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Tim Berners-Lee says privacy needs fixing – and calls for 'algorithmic transparency'

Five-year plan proposes to explain why you're seeing that ad and the fake news it leads to

Sir Tim Berners-Lee, inventor of the World Wide Web, has penned a 28th-birthday letter for his creation in which he identifies three trends he thinks are harming the web, and explains how the Web Foundation that he heads will seek to implement his ideas.

Berners-Lee looks upon his works and is mostly satisfied with how they have has met his original goals of “the web as an open platform that would allow everyone, everywhere to share information, access opportunities and collaborate across geographic and cultural boundaries.”

But there's a but, as follows:“But over the past 12 months, I’ve become increasingly worried about three new trends, which I believe we must tackle in order for the web to fulfill its true potential as a tool which serves all of humanity.”

The first is control of personal data. Berners-Lee thinks we don't have it any more and that's a bad thing because “As our data is then held in proprietary silos, out of sight to us, we lose out on the benefits we could realise if we had direct control over this data, and chose when and with whom to share it.”

“What’s more,” he says, “we often do not have any way of feeding back to companies what data we’d rather not share – especially with third parties – the T&Cs are all or nothing.”

He also worries that government surveillance is “increasingly watching our every move online, and passing extreme laws that trample on our rights to privacy”. Repressive regimes use that surveillance to harass opponents, but even benevolent governments have “a chilling effect on free speech and stops the web from being used as a space to explore important topics, like sensitive health issues, sexuality or religion.”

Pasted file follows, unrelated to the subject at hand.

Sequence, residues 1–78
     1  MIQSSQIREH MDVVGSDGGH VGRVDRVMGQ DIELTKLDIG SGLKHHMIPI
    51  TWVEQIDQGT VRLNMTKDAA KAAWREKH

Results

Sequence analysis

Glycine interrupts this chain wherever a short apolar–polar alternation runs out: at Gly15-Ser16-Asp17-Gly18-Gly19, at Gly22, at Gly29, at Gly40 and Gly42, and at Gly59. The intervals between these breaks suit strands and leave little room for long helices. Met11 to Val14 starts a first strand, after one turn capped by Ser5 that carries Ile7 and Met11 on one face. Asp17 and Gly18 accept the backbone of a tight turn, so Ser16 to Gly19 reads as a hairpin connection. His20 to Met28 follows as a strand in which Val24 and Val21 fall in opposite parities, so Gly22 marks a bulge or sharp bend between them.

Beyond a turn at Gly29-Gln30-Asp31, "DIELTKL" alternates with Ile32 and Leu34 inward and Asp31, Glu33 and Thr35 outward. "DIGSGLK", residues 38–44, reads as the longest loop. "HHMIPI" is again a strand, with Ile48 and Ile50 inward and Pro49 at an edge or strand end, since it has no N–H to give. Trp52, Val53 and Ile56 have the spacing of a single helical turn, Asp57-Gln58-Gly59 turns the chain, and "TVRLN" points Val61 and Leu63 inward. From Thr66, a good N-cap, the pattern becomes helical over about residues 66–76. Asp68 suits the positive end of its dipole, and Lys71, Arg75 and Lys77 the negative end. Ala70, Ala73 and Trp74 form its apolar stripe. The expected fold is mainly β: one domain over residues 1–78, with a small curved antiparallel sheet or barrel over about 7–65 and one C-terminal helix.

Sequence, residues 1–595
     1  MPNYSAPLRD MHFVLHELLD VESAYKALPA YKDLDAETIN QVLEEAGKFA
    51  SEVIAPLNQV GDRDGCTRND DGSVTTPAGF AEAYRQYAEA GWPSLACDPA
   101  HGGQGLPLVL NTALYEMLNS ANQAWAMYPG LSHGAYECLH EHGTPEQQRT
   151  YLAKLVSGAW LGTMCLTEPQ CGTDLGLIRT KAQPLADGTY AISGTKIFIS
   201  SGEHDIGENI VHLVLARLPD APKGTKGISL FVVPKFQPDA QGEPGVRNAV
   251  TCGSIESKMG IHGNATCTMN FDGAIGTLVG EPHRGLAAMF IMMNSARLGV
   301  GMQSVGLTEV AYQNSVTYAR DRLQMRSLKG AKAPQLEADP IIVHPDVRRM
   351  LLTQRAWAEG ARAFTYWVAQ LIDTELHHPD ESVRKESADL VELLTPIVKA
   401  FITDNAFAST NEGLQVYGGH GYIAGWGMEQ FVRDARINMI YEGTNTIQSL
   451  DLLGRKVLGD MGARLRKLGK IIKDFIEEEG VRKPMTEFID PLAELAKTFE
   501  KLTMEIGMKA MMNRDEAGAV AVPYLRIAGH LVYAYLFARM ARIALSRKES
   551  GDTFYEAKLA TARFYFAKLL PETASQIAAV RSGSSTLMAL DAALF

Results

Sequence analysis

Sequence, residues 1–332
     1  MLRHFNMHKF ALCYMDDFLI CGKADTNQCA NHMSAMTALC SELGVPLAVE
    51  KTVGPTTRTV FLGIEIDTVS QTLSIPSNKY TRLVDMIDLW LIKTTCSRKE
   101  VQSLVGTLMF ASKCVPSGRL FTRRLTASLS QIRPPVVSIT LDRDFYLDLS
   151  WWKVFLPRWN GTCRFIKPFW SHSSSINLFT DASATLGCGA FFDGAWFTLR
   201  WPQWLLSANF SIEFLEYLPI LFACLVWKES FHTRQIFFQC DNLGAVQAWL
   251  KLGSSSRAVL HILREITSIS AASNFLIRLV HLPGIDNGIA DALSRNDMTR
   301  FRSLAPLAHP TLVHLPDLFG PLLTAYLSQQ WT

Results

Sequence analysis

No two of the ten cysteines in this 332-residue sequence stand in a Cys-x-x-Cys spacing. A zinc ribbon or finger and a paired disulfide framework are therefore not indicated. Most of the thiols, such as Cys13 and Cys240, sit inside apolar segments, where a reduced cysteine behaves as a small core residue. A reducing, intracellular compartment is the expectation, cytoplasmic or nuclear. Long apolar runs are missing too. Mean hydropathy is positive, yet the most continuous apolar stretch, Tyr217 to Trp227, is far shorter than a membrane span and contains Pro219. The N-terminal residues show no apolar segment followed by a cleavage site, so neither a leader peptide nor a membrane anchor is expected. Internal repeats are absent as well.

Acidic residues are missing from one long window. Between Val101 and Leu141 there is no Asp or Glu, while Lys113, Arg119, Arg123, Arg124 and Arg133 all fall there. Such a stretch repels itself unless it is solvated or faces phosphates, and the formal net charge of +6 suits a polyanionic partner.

The second issue he thinks needs attention is fake news, and social networks role in spreading it.

“These sites make more money when we click on the links they show us. And, they choose what to show us based on algorithms which learn from our personal data that they are constantly harvesting,” Berners-Lee writes, suggesting that social networks have no incentive to stop the spread of clickbait rumours that may entertain but also damage polities.

Analytics exacerbates the problem, as “through the use of data science and armies of bots, those with bad intentions can game the system to spread misinformation for financial or political gain.”

His third worry is targeted political advertising being used to deliberately misinform. Berners-Lee cites a report of of a political iterated 50,000 times daily, and others “... being used in unethical ways – to point voters to fake news sites, for instance, or to keep others away from the polls.”

The Web Foundation, which Berners-Lee heads, has cooked up a five-year plan to address these issues. For now he thinks the following actions are necessary:

“We must fight against government over-reach in surveillance laws, including through the courts if necessary. We must push back against misinformation by encouraging gatekeepers such as Google and Facebook to continue their efforts to combat the problem, while avoiding the creation of any central bodies to decide what is 'true' or not. We need more algorithmic transparency to understand how important decisions that affect our lives are being made, and perhaps a set of common principles to be followed.

He's also keen on Solid, an effort to decouple data from web applications (and by extension social networks) so that users can decide where their data resides and how it can be accessed. ®

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